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I think that the shock from the Viet Nam War to be so great, because it was received by the whole American culture, not just the people who served there. For example: Before the war, American citizen have little way to know about war beside daily radio and.... I don't know, the projector thing that they used in theater. But come the war, and with it, colored television. Never before had they see destruction so real, so breathtaking, so massive and knowing that is was their doing. For the straightforward, good guys-bad guys they're living in, how're they suppose to take that if it was the child they raised that burn down an entire village?, the weapon they manufacture mowing down countless living being?, and the image of the country that they so pervently uphold crumbling down around the world?.
Btw, it "Vietnam", not "Vietman". Sorry for being a grammar nazi.
Amazing work (Y)
Viet Nam wasn't quite like that... we had a lot of minorities and working poor drafted in because they couldn't afford college, young kids just 17-18 years old, or young men who dropped out and enlisted because of "noble" presidential speeches. I know this because my grandfathers on both sides of my family lived through this war. We're a Mexican-American, so perhaps our experience of the Viet Nam war was a bit different than the dominant culture, but I'm sure there wouldn't have been such huge protest against the war had not most of the draftees been so young and left with few options. When Viet Nam vets returned home from war, a lot of them didn't receive decent respect. Many were ridiculed and made fun of just for participating in the war, as if the war itself hadn't been painful enough.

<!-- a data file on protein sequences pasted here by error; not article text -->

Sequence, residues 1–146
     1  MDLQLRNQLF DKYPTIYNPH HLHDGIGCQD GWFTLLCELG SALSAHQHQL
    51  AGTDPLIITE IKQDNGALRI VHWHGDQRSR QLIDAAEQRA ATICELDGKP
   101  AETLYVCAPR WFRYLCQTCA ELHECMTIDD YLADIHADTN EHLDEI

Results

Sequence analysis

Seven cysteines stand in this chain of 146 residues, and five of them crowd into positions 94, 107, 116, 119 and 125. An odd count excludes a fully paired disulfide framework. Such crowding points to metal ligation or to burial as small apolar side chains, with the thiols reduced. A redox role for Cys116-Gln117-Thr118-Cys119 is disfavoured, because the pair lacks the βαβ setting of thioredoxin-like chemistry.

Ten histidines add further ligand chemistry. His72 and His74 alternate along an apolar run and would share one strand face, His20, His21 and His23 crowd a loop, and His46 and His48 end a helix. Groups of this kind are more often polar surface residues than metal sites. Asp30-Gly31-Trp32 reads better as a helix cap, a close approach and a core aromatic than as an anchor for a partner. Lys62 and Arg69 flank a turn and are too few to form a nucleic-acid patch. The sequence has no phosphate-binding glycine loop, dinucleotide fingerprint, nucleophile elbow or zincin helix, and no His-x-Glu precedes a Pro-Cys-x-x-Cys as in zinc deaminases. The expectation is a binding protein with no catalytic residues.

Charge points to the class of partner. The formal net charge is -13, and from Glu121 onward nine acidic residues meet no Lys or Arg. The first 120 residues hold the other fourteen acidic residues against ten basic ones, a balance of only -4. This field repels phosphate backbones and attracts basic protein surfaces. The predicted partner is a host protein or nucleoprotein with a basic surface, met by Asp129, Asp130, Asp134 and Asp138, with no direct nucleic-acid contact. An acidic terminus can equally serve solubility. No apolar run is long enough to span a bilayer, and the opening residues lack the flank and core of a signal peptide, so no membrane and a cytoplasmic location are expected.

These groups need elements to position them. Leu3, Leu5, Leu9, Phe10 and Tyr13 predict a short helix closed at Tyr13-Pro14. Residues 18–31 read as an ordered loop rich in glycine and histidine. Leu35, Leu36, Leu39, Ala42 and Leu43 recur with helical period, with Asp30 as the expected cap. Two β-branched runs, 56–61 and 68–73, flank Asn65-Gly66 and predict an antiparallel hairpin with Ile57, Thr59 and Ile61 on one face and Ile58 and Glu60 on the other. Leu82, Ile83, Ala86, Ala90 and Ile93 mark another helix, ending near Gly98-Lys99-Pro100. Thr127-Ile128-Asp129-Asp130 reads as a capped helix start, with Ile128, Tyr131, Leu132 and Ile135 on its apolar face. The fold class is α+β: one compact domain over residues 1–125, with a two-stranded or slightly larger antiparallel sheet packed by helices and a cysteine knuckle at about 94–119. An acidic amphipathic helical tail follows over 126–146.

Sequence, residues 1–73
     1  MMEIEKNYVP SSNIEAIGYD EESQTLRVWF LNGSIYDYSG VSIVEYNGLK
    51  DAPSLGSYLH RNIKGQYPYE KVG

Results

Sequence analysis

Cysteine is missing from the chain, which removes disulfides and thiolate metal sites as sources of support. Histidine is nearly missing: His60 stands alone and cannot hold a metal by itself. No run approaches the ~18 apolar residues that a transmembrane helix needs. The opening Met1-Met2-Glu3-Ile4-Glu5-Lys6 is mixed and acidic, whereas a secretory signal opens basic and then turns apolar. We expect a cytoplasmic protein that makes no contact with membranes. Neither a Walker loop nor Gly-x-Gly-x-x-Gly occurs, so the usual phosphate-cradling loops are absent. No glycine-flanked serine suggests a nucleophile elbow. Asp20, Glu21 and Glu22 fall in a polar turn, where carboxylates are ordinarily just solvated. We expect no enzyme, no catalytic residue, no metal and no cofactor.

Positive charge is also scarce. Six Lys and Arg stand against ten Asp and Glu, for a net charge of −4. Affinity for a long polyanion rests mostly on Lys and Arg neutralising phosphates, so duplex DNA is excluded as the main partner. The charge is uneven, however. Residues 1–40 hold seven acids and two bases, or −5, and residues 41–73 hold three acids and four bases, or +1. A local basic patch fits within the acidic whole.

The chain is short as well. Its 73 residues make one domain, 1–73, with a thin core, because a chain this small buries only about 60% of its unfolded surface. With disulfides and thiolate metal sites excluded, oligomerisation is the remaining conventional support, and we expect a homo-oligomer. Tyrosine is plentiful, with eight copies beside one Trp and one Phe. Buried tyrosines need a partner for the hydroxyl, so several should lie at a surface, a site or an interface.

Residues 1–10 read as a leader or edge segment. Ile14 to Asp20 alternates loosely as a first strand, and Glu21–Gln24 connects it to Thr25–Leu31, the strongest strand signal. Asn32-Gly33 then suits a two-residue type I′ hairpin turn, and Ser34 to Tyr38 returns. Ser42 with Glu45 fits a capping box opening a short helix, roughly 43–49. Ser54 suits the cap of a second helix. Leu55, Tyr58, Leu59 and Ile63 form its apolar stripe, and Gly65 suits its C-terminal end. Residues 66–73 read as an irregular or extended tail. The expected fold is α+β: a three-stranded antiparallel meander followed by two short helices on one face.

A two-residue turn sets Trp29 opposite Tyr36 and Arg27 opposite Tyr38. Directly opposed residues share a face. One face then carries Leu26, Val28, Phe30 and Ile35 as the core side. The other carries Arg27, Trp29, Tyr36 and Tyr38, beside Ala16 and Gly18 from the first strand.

I don't know if you have a Viet Nam verteran in your family, but did you base this off of their experience/feelings?
It's really messed up the way we look at it.
War is waste - in many things